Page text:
However, I would definitely not move to the D.C. area to pursue teaching ESL, unless you are planning to do it at a public school--I know in Virginia that you need to have successfully passed at least 6 ESL teaching college courses before you can get certified to teach ESL in Virginia.

I now live in Boston, MA. I moved here at the very end of 2006. As you may know, Boston is like the college capital of the United States. There are many, many more ESL schools/programs in Boston, even though it is a much smaller city, and I think this may have to do with the fact that many international students move here with the plan of attending Harvard University or MIT or one of the other numerous colleges here after they take ESL classes to learn or brush up on their English. Unlike the ESL schools/programs in D.C., many of the ESL employers in the Boston area pay for some prep time. The pay rates are also much better, usually in the range of $18-$22/hr (although the cost of living is much higher in the Boston area, so this should be expected). Although I have done some ESL job-hunting and interviewing in Boston, I have not taught ESL here--I am now pursuing other things--but you can find a good (albeit somewhat out-of-date) list of Boston area ESL employers at http://www.geocities.com/athens/parthenon/4148/private.html or by doing a Google search for "Boston ESL presents." Another great source of ESL jobs in Boston is the University of Massachusetts--Boston's ABE (Adult Basic Education) e-mail distribution list, which regularly sends out e-mails about ESL teaching openings, which may not be advertised on Craig's List.

Both Washington, D.C. and Boston have good public transportation systems with subways and buses, but be sure to find a place close enough to the city and on a good bus line or near a subway station to ensure that your commuting is livable. You can check this out by typing a home address and work address into the Trip Planners of www.wmata.com for the D.C. metro area or www.mbta.com for the Boston area.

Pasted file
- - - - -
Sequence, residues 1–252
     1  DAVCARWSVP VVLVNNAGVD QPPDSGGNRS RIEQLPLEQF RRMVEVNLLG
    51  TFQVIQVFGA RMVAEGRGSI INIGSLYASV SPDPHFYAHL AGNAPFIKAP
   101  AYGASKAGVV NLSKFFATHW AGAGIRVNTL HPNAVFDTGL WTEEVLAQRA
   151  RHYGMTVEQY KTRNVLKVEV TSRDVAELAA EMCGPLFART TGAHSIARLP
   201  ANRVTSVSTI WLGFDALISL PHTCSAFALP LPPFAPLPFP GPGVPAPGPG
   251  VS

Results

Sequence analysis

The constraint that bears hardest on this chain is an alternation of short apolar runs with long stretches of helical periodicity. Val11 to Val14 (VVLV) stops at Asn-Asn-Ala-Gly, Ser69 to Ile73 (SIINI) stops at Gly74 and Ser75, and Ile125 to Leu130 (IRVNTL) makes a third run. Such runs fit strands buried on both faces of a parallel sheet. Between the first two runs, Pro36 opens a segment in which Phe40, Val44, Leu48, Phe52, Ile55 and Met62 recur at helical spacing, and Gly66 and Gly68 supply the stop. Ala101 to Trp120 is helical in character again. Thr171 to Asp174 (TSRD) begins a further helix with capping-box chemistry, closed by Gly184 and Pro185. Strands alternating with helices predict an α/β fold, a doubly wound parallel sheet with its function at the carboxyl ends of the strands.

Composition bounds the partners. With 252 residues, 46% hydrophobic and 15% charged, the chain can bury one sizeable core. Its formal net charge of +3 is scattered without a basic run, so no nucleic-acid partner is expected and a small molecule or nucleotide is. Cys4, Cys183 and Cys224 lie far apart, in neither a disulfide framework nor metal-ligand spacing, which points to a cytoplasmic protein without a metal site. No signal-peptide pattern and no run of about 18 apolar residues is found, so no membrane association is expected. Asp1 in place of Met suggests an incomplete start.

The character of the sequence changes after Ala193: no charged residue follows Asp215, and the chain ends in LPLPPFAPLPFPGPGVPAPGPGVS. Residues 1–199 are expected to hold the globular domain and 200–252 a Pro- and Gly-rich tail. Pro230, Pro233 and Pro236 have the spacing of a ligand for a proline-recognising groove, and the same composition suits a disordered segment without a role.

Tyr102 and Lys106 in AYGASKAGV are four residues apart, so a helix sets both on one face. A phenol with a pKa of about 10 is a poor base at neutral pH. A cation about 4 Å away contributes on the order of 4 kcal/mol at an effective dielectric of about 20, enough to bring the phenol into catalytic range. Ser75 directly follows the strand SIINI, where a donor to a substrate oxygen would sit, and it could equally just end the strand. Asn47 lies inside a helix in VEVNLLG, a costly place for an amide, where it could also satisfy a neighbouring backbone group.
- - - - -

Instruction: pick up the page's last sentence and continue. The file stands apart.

Again, I would avoid Washington, D.C. On the other hand, Boston offers a great number of jobs (and the ESL student population here is more Asian--like I heard San Francisco’s is--especially when it comes to the private ESL schools). If you check the Craig’s List job ads under “Education” for these 2 cities, you will see the immense difference. I'd have to tell you, though, that the cost of living is actually more expensive here in the Boston area than in the D.C. area, where you can easily live in the less-expensive VA or MD suburbs and commute to D.C. The D.C. area offers far many free, quality events/attractions, whereas in Boston there is a hefty price tag for almost everything. Also, Boston's weather is honestly the pits (very cold for much of the year and sweltering in the summer), a huge difference from the D.C. area, which has great weather most of the time.

If you want to teach ESL and don't have a car, though, Boston would be a good city to check out. I would ask about potential employers’ teaching experience/credential requirements before moving to pursue a possible ESL teaching job.

-Dan
dvavrina@yahoo.com
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Tiger Beer



Joined: 08 Feb 2003
Posts: 754
Location: Hong Kong

PostPosted: Fri Oct 01, 2010 4:20 pm    Post subject: Reply with quote

Very thorough. This post is a little old, but found it through the search engine. Seems still worthy to bump up so that others would know.